That was the word from Lino DiCuollo, MLS vice president of competition and player relations, in a conference call with reporters on Monday night following a widespread report in the wake of Urruti’s trade from Toronto to Portland earlier in the day.
“There are no ‘League Designated Players,’ as the reference in the article suggested,” DiCuollo said. “There’s no players that the league puts a tag on and calls them ‘League Designated Players’ and then suddenly they appear on a team’s roster without us.
“He was signed to Toronto like any other player – I think that was clear with the announcement – and now he’s been traded.”
Urruti was reportedly involved in a contract dispute with his former team, Newell’s Old Boys of the Argentine Primera División before Toronto were able to grab his signature last month after a flirtation that lasted the better part of a year.
But with last week’s ouster of Kevin Payne as president and GM of Toronto FC , the club immediately went in another direction and dealt Urruti to the Timbers in exchange for forward Bright Dike, a first-round pick in the 2015 MLS SuperDraft and allocation money. Toronto also give up an international roster spot through 2013 in the deal.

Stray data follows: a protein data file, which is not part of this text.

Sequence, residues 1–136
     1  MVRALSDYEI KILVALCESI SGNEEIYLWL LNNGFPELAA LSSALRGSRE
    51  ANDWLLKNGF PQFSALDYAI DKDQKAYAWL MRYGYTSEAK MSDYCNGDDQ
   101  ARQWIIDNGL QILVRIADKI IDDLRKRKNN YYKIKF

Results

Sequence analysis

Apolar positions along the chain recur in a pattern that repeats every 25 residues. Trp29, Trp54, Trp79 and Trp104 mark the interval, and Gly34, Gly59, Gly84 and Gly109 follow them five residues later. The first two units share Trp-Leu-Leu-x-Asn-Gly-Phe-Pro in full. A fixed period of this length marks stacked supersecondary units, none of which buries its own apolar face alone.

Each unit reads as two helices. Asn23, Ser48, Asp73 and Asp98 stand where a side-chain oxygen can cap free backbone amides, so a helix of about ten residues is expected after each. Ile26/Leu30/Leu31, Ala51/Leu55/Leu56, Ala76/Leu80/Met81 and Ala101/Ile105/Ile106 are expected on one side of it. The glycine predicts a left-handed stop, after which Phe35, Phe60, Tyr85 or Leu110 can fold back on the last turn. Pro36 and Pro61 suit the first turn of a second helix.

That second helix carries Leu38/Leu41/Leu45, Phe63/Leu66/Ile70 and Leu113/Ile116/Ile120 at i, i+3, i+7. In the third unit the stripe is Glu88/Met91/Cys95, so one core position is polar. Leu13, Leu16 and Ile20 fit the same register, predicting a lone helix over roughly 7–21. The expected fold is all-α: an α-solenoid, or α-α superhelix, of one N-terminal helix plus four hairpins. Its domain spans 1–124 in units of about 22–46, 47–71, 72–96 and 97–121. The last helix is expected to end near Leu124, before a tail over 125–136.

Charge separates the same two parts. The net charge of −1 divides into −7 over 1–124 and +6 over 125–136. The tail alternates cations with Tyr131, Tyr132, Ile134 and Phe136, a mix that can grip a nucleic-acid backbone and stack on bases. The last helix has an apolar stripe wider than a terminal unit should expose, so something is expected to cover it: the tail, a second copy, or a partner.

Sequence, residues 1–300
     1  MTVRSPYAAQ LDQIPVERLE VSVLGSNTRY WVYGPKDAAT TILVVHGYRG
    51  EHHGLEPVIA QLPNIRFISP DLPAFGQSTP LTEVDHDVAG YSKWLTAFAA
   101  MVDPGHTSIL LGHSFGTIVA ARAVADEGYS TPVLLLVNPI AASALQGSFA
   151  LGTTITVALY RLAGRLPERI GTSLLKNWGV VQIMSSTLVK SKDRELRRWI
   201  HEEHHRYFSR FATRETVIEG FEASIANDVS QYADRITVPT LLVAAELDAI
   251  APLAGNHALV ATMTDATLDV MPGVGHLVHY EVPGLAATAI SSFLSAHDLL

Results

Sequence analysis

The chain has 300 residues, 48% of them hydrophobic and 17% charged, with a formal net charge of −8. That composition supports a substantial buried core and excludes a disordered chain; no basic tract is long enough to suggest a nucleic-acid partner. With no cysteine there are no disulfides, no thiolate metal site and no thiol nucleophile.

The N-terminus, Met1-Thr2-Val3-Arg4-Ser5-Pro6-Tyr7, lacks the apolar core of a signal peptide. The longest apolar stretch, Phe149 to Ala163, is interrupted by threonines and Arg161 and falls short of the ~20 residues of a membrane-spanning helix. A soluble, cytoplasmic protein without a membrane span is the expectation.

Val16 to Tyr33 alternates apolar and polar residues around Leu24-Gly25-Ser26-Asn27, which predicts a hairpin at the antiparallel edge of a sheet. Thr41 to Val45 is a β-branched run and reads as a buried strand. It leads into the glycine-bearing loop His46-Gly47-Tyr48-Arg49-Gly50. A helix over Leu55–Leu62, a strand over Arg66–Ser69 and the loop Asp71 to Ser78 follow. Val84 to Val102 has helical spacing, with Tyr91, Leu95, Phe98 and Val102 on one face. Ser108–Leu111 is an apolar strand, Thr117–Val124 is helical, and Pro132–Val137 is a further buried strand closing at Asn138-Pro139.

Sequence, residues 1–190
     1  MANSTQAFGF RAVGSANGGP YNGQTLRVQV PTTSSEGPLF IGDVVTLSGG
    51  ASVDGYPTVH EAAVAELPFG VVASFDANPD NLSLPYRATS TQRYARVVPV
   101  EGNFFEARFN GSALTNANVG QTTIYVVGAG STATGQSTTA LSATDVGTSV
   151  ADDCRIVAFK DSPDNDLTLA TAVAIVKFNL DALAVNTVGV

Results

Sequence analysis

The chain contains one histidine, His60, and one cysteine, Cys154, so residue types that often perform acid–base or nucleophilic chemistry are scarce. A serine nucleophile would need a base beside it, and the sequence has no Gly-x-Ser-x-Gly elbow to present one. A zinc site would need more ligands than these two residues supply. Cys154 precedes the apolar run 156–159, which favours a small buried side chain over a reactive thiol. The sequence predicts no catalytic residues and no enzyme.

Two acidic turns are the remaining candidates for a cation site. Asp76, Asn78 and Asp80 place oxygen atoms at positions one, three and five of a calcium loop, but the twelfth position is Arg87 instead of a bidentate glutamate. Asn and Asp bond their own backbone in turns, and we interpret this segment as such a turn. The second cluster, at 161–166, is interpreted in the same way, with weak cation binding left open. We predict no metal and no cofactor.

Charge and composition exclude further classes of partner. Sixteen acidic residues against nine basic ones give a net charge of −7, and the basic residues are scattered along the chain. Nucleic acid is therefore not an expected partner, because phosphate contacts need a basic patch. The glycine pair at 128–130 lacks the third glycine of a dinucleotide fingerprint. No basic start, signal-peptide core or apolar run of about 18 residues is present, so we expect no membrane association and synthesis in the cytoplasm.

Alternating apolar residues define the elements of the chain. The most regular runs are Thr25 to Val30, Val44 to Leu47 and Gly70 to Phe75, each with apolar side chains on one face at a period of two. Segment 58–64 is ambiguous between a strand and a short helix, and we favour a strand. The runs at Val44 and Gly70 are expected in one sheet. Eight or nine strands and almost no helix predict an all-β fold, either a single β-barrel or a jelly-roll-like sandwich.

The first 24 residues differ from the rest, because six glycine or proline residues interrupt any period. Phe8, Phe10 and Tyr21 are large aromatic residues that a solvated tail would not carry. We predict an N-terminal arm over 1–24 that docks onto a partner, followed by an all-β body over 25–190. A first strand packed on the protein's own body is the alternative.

According to DiCuollo, Major League Soccer played no part in acquiring the signature of Urruti, nor did it get involved in the trade between Toronto and Portland.
Timbers head coach Caleb Porter admitted on Monday that he long has been an admirer of the player and had pondered how he could fit Urriti into his system.
“We made sure guidelines were being followed, but there was no involvement by the league,” DiCuollo said.
DiCuollo also said that at no point was Urruti ever classified as a DP. He also shot down a suggestion that the league paid a transfer fee for the striker and that Toronto retained a portion of Urruti’s rights, reiterating that no transfer fee was paid for the player.